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There is no doubt in my mind that the biggest challenge facing the burgeoning traditional golf movement is the loss of the wound ball.  Over one hundred years of quality gear is up for grabs in the minimally competitive resale market and most clubs are playable for decades if not longer.  However, the loss of the wound ball leaves us weighing the benefits of gaming our beloved gear versus the risk of damaging it.  I don’t feel qualified to weigh in on the relative merits of different modern balls because I haven’t really made an effort to evaluate all the current offerings.  However, I can comment on the impact of various range balls on the persimmon inserts that I have experience with.  Hopefully this information will be useful for those deciding whether or not to practice with a valued persimmon driver.  Here’s an outline of how I approach my practice sessions at the range.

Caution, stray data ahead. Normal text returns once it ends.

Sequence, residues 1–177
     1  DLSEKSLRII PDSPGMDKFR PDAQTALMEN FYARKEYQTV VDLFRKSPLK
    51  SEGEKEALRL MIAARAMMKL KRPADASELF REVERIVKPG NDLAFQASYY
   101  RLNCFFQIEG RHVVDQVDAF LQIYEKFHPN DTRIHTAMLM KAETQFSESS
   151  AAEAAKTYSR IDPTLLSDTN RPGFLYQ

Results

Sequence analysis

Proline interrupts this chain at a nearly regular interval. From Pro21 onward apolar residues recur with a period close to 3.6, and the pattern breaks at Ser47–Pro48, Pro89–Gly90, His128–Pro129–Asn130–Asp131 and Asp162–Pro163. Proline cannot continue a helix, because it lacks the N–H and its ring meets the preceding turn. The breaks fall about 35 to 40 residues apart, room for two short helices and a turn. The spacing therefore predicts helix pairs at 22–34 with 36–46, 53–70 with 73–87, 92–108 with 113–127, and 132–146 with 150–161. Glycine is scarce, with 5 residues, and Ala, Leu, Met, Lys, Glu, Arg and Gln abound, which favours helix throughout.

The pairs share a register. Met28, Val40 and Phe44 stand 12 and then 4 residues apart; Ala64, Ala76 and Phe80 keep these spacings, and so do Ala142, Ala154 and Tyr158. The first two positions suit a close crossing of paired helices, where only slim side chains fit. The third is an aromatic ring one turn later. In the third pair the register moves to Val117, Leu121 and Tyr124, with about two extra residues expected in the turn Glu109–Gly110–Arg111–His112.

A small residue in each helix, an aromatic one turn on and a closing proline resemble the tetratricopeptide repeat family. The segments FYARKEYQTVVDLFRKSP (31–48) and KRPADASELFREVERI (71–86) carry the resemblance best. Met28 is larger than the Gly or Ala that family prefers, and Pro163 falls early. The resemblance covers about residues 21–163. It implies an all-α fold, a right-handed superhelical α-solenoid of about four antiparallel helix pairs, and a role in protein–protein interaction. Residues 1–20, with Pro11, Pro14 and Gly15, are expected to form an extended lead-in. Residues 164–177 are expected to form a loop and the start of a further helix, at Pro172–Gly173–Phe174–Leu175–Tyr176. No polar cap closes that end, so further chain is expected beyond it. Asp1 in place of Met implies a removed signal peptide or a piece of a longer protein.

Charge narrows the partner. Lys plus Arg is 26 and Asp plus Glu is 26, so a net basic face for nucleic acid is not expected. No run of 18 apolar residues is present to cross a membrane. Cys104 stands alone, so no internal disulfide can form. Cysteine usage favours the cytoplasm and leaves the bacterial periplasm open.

Step 1: Identify the range ball available at your course of interest.

Each course invests in its own range balls based on cost, availability, and a variety of other factors.  Invariably the supply gets mixed as golfers reach for their personal stash after an unsatisfying final ball or a sprayed drive from the course itself lands in the practice area.   Even so, there are common range ball designs that you will encounter as you travel from course to course.   Models familiar to the California courses I play regularly are the “Softcore” ball, the striped 90′s commercial ball, and the Srixon Range ball (white or yellow).